Shortly after we move down to the Lizard in 1985, I'm persuaded to get involved with the Cornwall Bird-Watching and Preservation Society, which is apparently in need of new blood. As soon as I attend my first committee meeting as the new Secretary I can see why. They're nice people but the most proactive decision is probably the date of the next meeting! They do churn out a very good annual report every October (which is all down to one person) and they also own a reserve, the Walmsley Sanctuary, a wetland site on the floodplain of a tributary of the River Camel, near Wadebridge.

A trip is arranged for the committee to inspect the reserve one cold winter's day. In its heyday it had been a great site, with a regular flock of Greenland White-fronted Geese, lots of other wildfowl and waders and had turned up a few rarities. So I am amazed to discover that there is hardly any water and the place is birdless. The river-channel was recut some years ago as part of a flood alleviation scheme. No flooding means no water on the reserve.

I spot what has got to be a Sociable Plover amongst the flocks of hard weather movement Lapwings flying high overhead. I get Dave Flumm on to it. Half the flock appears to land on the other side of the distant road, whilst some of them carry on west. We leg it. Some time later, having failed to relocate it, we return to the group like naughty schoolboys and we feel their displeasure. They have found a Pochard on a tiny pond and seem pleased. What we need is a revolution!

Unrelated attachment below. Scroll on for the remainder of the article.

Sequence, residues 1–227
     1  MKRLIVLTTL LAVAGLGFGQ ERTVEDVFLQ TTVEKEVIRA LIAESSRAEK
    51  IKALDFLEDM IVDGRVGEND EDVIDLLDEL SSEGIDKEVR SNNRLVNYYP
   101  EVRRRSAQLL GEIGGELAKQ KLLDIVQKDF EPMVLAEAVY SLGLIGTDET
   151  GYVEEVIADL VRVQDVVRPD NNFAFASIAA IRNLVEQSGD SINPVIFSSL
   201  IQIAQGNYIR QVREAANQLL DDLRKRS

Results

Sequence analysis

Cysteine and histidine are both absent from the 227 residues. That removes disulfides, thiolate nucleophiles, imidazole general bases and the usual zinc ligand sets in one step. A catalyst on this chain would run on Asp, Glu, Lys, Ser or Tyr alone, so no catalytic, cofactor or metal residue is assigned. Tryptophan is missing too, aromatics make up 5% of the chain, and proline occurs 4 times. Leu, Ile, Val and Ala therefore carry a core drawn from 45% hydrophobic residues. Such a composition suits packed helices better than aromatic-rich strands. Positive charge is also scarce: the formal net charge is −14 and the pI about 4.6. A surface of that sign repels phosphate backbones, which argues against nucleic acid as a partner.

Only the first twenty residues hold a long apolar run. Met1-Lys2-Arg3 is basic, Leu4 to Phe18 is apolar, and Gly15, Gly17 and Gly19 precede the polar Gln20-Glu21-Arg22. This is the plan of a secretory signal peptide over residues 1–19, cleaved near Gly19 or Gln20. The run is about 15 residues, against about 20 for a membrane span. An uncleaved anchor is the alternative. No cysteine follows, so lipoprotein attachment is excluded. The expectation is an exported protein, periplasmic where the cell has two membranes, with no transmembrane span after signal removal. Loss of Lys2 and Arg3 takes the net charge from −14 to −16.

I become the Society's Conservation Officer and we are gradually attracting more people who want to see change. Alma Hathway, Bruce Wotton and I propose a plan to create some pools on the reserve by constructing a series of bunds. We get approval for an engineer's report and it turns out to be feasible. Alma and Bruce establish a good working relationship with the farmer (who has a full agricultural tenancy!) and South West Water and they devote themselves to seeing the project through - despite, it has to be said, considerable animosity from one or two of the old guard. Bruce's lack of ownership of a tie could be an issue for some.

The transformation is astonishing. Birds are drawn to the reserve like a magnet. In 1998 the Environment Agency builds more embankments to create new pools outside the tower-hide. Today, with ongoing management by Adrian Langdon and his team, the Walmsley Sanctuary continues to attract birds in their thousands.

Next instalment: are we a birding society or a building society?